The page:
|Publication number||US7087081 B2|
|Application number||US 10/666,451|
|Publication date||Aug 8, 2006|
|Filing date||Sep 19, 2003|
|Priority date||Sep 19, 2003|
|Also published as||EP1667613A2, US20050065603, US20060241755, WO2005032408A2, WO2005032408A3|
|Publication number||10666451, 666451, US 7087081 B2, US 7087081B2, US-B2-7087081, US7087081 B2, US7087081B2|
|Inventors||Anthony D. Prescott, Loren J. Bartels|
|Original Assignee||Clarity Corporation|
|Export Citation||BiBTeX, EndNote, RefMan|
|Patent Citations (41), Non-Patent Citations (9), Referenced by (6), Classifications (5), Legal Events (4)|
|External Links: USPTO, USPTO Assignment, Espacenet|
1. Field of Invention
The present invention relates to ossicular prostheses, more particularly to an improved stapedial prosthesis.
2. State of the Art
Medical Background: Stapes Diseases
Referring to prior art
Certain pathologies within the middle ear ossicular chain interrupt the transmission of sound energy and cause hearing loss. When this occurs, re-construction of the ossicular chain, using man-made prostheses, is often required. Three general conditions of discontinuity exist in which a prosthesis is appropriate. When the malleus, incus and stapes are absent, a Total Ossicular Replacement Prosthesis (or TORP) is used. When the stapes is absent but the malleus and incus are present, a Partial Ossicular Replacement Prosthesis (or PORP) is used. When the stapes footplate is fixed due to a condition referred to as otosclerosis, a stapes prosthesis is used.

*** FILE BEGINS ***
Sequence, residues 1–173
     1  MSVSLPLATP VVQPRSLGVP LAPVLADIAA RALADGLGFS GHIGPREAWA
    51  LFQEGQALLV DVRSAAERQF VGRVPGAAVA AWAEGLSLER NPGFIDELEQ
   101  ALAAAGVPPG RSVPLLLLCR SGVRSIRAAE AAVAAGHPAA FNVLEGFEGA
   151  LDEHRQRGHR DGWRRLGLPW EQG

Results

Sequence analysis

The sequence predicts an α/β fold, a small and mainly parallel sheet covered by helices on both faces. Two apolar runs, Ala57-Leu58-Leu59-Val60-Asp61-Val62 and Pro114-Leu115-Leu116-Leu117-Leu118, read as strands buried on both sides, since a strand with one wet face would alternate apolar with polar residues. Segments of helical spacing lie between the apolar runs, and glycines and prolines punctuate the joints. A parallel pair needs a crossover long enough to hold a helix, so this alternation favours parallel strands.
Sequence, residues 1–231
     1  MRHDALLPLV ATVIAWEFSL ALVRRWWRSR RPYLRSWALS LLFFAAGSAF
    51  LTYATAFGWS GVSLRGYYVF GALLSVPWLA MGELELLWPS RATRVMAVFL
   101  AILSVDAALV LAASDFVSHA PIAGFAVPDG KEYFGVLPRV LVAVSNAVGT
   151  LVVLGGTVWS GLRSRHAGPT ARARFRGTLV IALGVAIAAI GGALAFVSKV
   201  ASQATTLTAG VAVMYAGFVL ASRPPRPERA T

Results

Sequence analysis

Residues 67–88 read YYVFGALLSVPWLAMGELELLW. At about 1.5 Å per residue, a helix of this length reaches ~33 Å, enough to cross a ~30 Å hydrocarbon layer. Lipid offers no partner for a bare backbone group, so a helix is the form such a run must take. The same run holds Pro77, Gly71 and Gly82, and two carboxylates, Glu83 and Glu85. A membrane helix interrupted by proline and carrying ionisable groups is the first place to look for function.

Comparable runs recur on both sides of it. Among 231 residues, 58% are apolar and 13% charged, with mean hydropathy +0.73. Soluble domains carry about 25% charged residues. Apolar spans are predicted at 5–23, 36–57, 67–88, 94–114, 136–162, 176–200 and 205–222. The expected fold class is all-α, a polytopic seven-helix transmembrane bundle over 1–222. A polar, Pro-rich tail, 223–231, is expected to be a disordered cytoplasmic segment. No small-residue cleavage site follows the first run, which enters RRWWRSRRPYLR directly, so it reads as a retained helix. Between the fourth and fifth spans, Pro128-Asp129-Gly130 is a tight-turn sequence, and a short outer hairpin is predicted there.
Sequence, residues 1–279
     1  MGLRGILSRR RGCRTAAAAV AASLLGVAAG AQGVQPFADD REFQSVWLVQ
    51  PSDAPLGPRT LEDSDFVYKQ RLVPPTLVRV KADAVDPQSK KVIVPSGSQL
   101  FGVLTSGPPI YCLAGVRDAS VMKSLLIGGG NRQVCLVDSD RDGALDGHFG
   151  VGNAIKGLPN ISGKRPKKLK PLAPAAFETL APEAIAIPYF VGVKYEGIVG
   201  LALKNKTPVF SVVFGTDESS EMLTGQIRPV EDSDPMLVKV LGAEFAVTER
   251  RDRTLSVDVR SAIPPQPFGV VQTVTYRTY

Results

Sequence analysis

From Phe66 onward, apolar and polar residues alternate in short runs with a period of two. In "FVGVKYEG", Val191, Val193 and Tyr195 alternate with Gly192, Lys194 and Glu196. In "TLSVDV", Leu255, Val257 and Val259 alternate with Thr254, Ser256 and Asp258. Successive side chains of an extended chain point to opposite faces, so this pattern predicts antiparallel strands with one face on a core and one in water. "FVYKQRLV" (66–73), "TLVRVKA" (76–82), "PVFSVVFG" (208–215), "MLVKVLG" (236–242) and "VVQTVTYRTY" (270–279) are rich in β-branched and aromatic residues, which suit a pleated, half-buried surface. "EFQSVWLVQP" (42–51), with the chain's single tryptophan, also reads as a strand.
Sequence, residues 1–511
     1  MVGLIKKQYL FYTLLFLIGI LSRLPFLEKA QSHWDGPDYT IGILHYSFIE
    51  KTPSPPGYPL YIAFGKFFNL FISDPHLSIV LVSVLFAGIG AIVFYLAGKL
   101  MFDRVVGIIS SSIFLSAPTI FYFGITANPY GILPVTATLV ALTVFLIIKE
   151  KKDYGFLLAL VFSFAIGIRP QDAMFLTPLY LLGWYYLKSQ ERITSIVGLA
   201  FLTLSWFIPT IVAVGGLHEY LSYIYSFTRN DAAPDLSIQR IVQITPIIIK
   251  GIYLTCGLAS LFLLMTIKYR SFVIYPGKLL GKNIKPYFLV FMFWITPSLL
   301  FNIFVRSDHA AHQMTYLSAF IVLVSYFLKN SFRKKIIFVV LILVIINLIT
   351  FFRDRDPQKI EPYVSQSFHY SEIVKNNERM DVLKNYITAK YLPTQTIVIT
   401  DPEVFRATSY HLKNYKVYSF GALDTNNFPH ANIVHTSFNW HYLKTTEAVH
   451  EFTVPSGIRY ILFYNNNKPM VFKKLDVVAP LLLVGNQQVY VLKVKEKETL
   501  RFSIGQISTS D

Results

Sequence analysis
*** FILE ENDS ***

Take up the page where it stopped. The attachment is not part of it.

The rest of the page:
Otosclerosis is one of the most common causes of progressive hearing loss in which there is an abnormal growth of bone in the ear. When otosclerosis is present there is an abnormal, microscopic growth of bone in the walls of the middle ear. This abnormal growth impedes the conduction of sound energy from the tympanic membrane to the inner ear. In particular, otosclerosis affects the stapes bone by causing it to become frozen in place or “fixed.” Normally the stapes vibrates freely to allow the transmission of sound energy into the inner ear. When it becomes fixed to the surrounding bone, it prevents sound waves from reaching the inner ear fluids, and thus hearing is impaired.
When the amount of otosclerosis at this location is significant, as determined by careful hearing tests, surgery has been found to be the most effective method of improving hearing loss caused by this condition. This surgery is termed a stapedectomy and serves to restore continuity between the incus and inner ear fluids. A stapedectomy is sometimes performed in patients who have a congenital abnormality of the stapes or have sustained a fracture of the stapes from traumatic incident. However, the most common indication for a stapedectomy is otosclerosis.
Medical Background: Stapedectomy Surgery Technique
Surgical treatment for otosclerosis has been available for about 45 years. The first operation for this disease was the fenestration procedure, which required mastoid surgery and an artificial opening in another part of the inner ear. The attention of surgeons became focused on the diseased stapes itself and the stapes mobilization procedure was developed. With the improvement in surgical techniques, the treatment of choice became stapedectomy. This procedure was first performed in 1956 and has remained the mainstay of treatment for otosclerosis.